Reeva Steenkamp's mother June Steenkamp has said she could not take take her eyes from Oscar Pistorius as he described her daughter's death in his trial, to see if he was faking his emotional reactions to recounting what happened.
She spoke of her daily emotional turmoil as she listened to the final moments of her daughter's life being put under the spotlight in the trial. The Paralympian denies murdering Reeva Steenkamp, saying he shot her after mistaking her for an intruder on Valentine's Day 2013.
Pistorius has frequently wept and been sick during the more difficult moments of his trial but Mrs Steenkamp said she watches his every move, wondering if his grief is real.
June Steenkamp has been watching Oscar Pistorius testify about her daughter's death
In an interview with the Daily Mirror, she said: "I look at Oscar the whole time, to see how he is coping, how he is behaving. I'm obsessed with looking at him, it's just instinctive, I can't explain it.
"I keep thinking, 'let's see how he's taking this'. He has been very dramatic, the vomiting and crying."
She added: "I think he's just about keeping himself together. I don't know whether he's acting. Most of the time he's on his cell phone or looking down at papers or writing notes."
Mrs Steenkamp said Pistorius had fallen from "hero to devil", and said she was determined to maintain her own composure, despite harrowing images of her daughter's body being shown to the court.
On Wednesday, Pistorius, 27, became distraught after the prosecutor demanded that he look at a photo of his dead girlfriend's bloody head wounds while giving evidence at his trial in Pretoria.
Prosecutor Gerrie Nel said it was time for the athlete to "take responsibility" for killing Steenkamp, 29.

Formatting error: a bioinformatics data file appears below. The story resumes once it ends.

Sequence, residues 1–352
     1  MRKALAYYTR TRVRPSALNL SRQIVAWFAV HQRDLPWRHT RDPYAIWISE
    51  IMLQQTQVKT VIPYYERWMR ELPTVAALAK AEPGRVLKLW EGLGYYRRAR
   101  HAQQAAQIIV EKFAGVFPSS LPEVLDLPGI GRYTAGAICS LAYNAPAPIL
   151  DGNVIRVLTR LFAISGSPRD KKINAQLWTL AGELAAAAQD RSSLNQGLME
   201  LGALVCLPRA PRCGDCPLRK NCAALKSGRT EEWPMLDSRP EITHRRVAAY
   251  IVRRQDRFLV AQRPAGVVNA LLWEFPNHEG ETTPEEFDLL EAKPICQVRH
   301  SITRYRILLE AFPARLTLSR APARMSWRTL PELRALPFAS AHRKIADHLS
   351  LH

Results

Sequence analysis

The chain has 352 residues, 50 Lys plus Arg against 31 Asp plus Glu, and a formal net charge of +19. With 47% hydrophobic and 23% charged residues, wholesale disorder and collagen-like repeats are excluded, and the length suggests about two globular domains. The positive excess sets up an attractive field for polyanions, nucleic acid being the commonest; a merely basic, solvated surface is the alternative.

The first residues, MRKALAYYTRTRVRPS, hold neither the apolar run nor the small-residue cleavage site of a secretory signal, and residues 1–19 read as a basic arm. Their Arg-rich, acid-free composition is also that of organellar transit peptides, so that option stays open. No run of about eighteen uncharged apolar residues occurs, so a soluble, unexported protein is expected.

Mrs Steenkamp said she and her husband Barry were tortured by their feelings of helplessness at what their daughter went through, saying it "haunts" her that they couldn't help her and that her death has "destroyed" their lives.
Oscar Pistorius has broken down several times during the more difficult moments of the trial
She added: "I imagine how she must have been in terror and pain and suffering, devastated by what was going on. I relive that scene in the bathroom and it's changed me so much, made me harder."
Mrs Steenkamp, who had never previously met Pistorius, told The Mirror she doesn't care if he is cleared or sent to prison as it won't bring back her daughter but added: "He has to stand up to what he's done and - if he has to - pay for it."
She said Pistorius has an "aggressive persona" and struts around looking "superior" but now "he's gone from hero to devil".
Mrs Steenkamp also told The Mirror she cried after Pistorius apologised for killing her daughter but only because it reminded her of Reeva's suffering and that she would never see her again.
She also said she had rejected efforts by his family to apologise and reach out to her.
Mrs Steenkamp previously criticised Pistorius for failing to acknowledge her on the first day of the trial but said she didn't answer when he eventually spoke to her, other than to nod.
She said she believed her presence "unnerves" him, saying: "He must see me there in the court, he must feel my eyes boring into him, I think it makes a lot of difference.
"I do look at him too much, maybe. I like to see how he is reacting. I can see him very clearly, even without my glasses - he's the only one I can see, he's right in front of me."
Despite being "wiped out" by a particular photograph of her daughter that was shown to the court, Mrs Steenkamp said she was "compelled" to be there, and was determined to keep her emotions in check until she is alone.
She said: "I'm being strong for Reeva, I have to be there. It's hard for me to do it, but I'm representing my child."
Mrs Steenkamp's husband Barry has been kept away from the trial by ill-health, having suffered a stroke, but has vowed to join his wife in the courtroom.
Pistorius will face further difficult questions today as his cross-examination continues.
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